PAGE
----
The use of body in the artwork of Nandita Kumar’s Birth of Brain Fly and Suk Kyoung Choi + Mark Nazemi’s Corner Monster reflect on how embodiment and techno-saturation are having psychological effects on the human mind. In each of their works we travel into the imagined world of the mind, where the notice of self, identity, and sense of place begin to struggle to hold on to fixed points of order. Kumar talks about her neuroscape continually morphing as it is placed in new conditions and environments that are ever changing. Beginning with an awareness of ones own constant programming that leads to a new understanding of self through love, the film goes on a journey through the depths of self, ego, and physical limitations. Kumar’s animations provide an eerie journey through the mind as viewed from the vantage of an artist’s creative eye, all the while postulating an internal neuroscape evolving in accordance with an external electroscape. Corner Monster examines the relationship between self and others in an embodied world. The installation includes an array of visual stimulation in a dark environment. As viewers engage with the world before them they are hooked up simultaneously (two at a time) to biofeedback sensors, which measure an array of biodata to be used in the interactive production of the environment before their eyes. This project surveys the psychological self as it is engrossed by surrounding media, leading to both occasional systems of organized feedback as well as scattered responses that are convolutions of an over stimulated mind.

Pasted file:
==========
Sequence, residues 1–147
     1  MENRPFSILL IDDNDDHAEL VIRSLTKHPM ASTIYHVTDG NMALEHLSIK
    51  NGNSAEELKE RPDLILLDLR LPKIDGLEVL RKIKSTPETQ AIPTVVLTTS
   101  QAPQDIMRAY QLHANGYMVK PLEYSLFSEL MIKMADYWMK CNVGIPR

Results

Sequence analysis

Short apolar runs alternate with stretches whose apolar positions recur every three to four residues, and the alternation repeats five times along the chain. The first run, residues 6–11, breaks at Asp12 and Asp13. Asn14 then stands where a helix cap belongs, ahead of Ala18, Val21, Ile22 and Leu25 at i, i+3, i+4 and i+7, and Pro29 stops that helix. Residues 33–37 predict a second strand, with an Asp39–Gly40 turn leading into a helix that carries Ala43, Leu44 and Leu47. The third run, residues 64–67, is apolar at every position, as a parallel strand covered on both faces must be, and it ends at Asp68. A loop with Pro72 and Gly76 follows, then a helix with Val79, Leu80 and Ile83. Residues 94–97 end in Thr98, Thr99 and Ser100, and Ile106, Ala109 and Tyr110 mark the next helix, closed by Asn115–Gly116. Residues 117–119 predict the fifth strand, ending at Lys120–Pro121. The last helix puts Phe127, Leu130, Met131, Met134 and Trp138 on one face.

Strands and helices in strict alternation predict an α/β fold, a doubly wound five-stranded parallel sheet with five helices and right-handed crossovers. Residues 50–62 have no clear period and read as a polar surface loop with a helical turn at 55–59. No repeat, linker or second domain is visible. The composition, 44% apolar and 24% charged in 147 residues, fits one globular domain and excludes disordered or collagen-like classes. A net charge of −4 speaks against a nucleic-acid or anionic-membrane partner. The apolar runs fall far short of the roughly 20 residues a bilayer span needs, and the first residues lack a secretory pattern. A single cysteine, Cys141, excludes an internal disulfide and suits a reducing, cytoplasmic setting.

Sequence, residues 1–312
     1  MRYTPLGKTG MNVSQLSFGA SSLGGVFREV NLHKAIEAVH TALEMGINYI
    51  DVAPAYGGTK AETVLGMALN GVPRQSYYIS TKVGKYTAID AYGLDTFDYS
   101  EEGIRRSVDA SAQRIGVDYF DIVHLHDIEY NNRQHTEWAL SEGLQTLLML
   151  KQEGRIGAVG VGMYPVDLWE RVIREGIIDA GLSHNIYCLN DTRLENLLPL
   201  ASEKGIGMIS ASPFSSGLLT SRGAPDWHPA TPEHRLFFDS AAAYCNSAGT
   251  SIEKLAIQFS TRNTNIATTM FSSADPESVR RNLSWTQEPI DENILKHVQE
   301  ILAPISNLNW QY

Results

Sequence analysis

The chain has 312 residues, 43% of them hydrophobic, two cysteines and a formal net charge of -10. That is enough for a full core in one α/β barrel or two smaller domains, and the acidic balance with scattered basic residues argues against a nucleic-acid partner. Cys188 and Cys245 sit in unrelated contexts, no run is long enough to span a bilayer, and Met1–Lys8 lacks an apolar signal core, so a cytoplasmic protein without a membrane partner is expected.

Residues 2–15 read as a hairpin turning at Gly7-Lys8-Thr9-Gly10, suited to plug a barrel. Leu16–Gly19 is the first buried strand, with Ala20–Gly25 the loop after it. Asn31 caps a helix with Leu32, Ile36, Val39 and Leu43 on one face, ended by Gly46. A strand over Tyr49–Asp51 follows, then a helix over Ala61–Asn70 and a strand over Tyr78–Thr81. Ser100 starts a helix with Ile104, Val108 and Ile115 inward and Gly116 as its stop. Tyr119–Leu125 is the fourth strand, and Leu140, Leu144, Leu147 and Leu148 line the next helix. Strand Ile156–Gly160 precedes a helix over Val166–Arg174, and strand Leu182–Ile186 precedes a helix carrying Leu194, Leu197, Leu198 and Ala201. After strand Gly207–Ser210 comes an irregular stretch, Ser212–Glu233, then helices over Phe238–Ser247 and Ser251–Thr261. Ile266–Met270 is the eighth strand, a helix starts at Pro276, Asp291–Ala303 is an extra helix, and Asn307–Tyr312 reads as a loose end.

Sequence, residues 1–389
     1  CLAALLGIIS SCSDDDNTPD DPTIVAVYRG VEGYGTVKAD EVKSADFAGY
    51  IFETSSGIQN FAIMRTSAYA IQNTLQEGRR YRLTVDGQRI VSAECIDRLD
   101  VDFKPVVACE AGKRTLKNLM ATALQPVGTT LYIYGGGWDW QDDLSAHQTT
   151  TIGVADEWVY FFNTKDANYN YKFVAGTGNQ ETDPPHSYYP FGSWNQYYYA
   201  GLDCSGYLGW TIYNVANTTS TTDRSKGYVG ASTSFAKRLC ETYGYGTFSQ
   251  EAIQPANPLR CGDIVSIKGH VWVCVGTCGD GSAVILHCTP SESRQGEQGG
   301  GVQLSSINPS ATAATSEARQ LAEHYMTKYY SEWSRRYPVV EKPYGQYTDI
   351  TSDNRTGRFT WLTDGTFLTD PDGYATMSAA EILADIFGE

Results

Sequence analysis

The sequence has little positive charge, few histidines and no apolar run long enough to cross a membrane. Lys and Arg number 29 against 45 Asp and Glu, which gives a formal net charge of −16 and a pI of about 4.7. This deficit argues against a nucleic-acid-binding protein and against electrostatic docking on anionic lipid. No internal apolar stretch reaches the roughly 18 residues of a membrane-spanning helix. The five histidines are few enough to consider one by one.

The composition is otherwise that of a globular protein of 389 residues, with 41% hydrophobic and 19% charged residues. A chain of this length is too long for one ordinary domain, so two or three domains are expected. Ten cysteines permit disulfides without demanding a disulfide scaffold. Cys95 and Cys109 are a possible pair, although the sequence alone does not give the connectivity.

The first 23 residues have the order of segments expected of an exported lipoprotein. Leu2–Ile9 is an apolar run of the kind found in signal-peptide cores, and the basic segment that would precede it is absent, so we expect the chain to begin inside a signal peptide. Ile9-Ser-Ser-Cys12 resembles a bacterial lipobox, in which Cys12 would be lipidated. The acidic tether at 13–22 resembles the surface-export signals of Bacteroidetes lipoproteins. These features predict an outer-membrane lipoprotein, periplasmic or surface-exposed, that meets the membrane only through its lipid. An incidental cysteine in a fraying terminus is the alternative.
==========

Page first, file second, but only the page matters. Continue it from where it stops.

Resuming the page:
Marco Donnarumma also integrates a biofeedback system in his work to allow participants to shape musical compositions with their limbs. By moving a particular body part sounds will be triggered and volume increased depending on the pace of that movement. Here we see the body acting as brush; literally painting the soundscape through its own creative motion. As the performer experiments with each portion of their body there is a slow realization that the sounds have become analogous for the neuro and biological yearning of the body, each one seeking a particular upgrade that targets a specific need for that segment of the body. For instance, a move of the left arm constantly provides a rich vibrato, reminding me of the sound of Vita-More’s solar protective nanoskin.